Even while you practice positivity and mindfulness in your role as a nurse, you will sometimes need to give yourself permission to grieve. When it comes to working with others and caring for others, try not to judge — rather, ask questions and try to see from others’ perspectives.


The Last Word

According to Dr. Nancy Bellucci, a member of Galen’s online nursing faculty, when it comes to competing responsibilities, there are six basic principles of management:

The learning journey requires one to be:

  • Patient and kind to oneself
  • Open to change
  • Patient with the process
  • Willing to spend priceless time away from family and friends
  • Dedicated to working to the final goal
  • Persistent, resilient, and motivated to meet the demands of the degree

Achieving balance — or gaining the skills that make you feel more satisfied — is not going to be a one-shot deal. Students and nurses must work at it, and periodically it’s a good idea to reevaluate your goals and priorities. Along the same lines, remember you don’t have to change everything at once.  Try making a small change and see if it makes a difference, and then try something else.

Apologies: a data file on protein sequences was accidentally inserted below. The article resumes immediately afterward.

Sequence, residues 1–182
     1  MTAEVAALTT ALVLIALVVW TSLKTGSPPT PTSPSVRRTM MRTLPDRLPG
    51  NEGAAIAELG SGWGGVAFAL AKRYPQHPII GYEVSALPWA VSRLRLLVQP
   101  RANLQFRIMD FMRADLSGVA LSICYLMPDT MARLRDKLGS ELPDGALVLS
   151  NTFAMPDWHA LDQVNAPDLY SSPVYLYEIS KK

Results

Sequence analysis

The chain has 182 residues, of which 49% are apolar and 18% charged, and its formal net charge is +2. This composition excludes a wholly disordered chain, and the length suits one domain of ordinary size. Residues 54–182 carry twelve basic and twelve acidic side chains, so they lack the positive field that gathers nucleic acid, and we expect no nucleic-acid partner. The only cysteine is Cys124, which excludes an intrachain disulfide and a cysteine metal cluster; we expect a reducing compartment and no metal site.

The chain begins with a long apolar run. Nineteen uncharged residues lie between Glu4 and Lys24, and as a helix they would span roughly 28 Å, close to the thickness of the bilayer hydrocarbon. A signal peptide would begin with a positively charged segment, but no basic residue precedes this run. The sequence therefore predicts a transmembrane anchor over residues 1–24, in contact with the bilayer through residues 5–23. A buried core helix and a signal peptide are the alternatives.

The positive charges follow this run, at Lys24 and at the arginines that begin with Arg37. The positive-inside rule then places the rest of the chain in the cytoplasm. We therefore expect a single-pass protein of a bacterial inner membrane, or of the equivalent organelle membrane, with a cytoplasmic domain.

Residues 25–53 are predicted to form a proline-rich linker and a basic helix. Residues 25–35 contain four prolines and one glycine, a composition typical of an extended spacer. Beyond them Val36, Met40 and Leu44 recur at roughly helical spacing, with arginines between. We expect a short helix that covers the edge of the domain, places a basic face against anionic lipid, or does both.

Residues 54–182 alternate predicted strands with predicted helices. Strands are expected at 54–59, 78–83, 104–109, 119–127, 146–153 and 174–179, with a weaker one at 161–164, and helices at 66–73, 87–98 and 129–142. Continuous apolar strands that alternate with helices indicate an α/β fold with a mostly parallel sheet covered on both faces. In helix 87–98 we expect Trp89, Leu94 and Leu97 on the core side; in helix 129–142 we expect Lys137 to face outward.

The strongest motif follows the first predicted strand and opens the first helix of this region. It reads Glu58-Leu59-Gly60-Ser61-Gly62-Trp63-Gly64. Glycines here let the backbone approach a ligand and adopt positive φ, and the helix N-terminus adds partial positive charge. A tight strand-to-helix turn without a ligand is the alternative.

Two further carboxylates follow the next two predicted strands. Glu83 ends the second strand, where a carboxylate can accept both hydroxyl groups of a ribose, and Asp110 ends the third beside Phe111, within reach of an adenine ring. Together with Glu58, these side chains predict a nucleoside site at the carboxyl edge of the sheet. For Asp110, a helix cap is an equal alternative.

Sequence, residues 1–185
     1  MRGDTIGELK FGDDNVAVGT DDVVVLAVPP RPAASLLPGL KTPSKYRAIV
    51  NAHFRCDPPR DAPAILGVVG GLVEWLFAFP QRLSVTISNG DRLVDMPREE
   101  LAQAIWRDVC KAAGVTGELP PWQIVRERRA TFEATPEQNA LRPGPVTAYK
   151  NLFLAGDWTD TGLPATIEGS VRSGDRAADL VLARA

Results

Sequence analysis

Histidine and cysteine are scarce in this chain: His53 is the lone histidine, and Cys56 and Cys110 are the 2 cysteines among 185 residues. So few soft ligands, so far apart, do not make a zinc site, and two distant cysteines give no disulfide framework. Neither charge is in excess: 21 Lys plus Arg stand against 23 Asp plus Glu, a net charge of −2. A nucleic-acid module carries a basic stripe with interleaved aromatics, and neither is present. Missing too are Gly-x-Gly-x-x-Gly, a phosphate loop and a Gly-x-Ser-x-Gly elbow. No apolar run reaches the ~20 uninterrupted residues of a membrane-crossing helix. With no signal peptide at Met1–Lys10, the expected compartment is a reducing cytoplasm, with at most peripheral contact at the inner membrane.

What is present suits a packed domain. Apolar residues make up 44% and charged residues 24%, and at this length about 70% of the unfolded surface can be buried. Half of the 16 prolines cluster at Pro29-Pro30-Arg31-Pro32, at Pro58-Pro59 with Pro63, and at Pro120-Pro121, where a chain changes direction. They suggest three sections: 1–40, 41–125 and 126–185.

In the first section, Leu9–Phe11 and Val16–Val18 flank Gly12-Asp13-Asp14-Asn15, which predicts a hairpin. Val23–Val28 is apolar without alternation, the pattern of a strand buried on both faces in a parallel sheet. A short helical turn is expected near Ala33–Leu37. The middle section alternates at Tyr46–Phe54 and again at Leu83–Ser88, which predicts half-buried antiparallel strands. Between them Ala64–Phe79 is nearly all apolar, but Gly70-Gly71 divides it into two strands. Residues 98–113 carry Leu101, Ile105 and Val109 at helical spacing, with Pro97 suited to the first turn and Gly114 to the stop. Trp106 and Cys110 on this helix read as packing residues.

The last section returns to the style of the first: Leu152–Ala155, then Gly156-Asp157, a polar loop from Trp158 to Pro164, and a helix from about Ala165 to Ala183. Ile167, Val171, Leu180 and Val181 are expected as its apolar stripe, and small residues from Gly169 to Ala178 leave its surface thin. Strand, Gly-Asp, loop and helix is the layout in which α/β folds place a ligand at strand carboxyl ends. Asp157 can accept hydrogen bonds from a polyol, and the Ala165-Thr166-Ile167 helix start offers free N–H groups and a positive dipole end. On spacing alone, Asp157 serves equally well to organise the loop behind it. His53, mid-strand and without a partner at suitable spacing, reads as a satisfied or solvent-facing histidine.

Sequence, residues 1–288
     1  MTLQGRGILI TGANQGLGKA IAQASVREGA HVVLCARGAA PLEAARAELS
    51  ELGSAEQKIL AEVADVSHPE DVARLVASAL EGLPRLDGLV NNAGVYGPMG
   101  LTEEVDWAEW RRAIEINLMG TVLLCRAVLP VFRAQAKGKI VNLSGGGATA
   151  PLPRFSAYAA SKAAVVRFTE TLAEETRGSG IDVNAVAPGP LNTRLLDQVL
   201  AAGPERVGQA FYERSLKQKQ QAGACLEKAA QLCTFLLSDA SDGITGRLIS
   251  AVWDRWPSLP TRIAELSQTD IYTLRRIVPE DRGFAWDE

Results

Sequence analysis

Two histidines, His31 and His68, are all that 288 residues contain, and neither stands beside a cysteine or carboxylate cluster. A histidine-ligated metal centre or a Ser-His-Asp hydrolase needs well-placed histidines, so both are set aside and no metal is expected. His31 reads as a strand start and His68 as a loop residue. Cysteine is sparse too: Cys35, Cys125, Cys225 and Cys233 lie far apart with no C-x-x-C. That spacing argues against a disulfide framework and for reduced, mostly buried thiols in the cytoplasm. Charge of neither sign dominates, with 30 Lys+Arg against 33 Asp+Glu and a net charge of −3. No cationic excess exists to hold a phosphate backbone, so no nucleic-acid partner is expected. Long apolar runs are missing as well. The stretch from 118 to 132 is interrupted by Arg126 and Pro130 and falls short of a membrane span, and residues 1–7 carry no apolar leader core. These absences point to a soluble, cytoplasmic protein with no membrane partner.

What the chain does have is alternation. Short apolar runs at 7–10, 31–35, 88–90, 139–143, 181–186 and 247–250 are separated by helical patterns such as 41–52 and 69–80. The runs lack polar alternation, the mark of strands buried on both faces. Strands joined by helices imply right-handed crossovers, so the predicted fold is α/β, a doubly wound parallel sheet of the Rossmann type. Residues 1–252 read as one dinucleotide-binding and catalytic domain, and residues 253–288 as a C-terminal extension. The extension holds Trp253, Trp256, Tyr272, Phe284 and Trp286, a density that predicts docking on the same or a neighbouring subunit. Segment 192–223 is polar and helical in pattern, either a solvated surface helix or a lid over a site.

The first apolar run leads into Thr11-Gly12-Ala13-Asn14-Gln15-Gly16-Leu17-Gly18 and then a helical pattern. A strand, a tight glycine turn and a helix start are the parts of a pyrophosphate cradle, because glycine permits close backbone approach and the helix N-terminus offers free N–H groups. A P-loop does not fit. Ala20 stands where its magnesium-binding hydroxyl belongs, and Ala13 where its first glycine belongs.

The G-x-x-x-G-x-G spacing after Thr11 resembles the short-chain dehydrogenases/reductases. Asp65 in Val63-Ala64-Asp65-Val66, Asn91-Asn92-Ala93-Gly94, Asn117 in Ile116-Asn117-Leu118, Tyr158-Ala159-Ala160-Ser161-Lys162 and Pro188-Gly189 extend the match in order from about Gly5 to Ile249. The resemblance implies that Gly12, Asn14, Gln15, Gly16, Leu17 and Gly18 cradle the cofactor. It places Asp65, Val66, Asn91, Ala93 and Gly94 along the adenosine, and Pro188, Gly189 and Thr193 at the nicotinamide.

Will nursing school and your nursing career be tough sometimes? Of course. Will it be worth it?  You bet.

“Be prepared to put your heart and soul into your nursing education and career,” says Dr. Connie Cooper, Dean of Galen College’s Louisville Campus.  “As challenging as nursing is, you’ll get back much more than you put into it.”



Beck Institute.  What is cognitive behavior therapy (CBT)?  Retrieved from

Bellucci, N. (Sept. 10, 2018). A personal interview: Dr. Nancy Bellucci’s path to persistence. Galen College Faculty Focus, 8 (9), 6-10.

Boertje, J. & Ferron, L. (Nov. 2013). Achieving a work-life balance.  American Nurse Today, 8 (no. 11). Retrieved from

Haas, L.  (2018, July 30) The Compassion Paradox Faced by Health Care Workers.  Greater Good Magazine. Retrieved from

Jantz, G. L.  (2016, May 16). The power of positive self-talk.  Retrieved from

Johns Hopkins University. School-life balance.  Retrieved from

Mayo Clinic. Work-life balance: Tips to reclaim control. Retrieved from

Roberts, P. & Strauss, K. (July 2015). The power of the positive.  American Nurse Today, 10 (no. 7).  Retrieved from

Thew, Jennifer. (2018, Feb. 20). Is nurse work-life balance a myth?  Retrieved from

University of Texas. (2017, March 9). Why work-life balance is important for nurses. Retrieved from

Walsh University Online. (2018, January 4) The top 10 tips for nurses to maintain work/life balance.  Retrieved from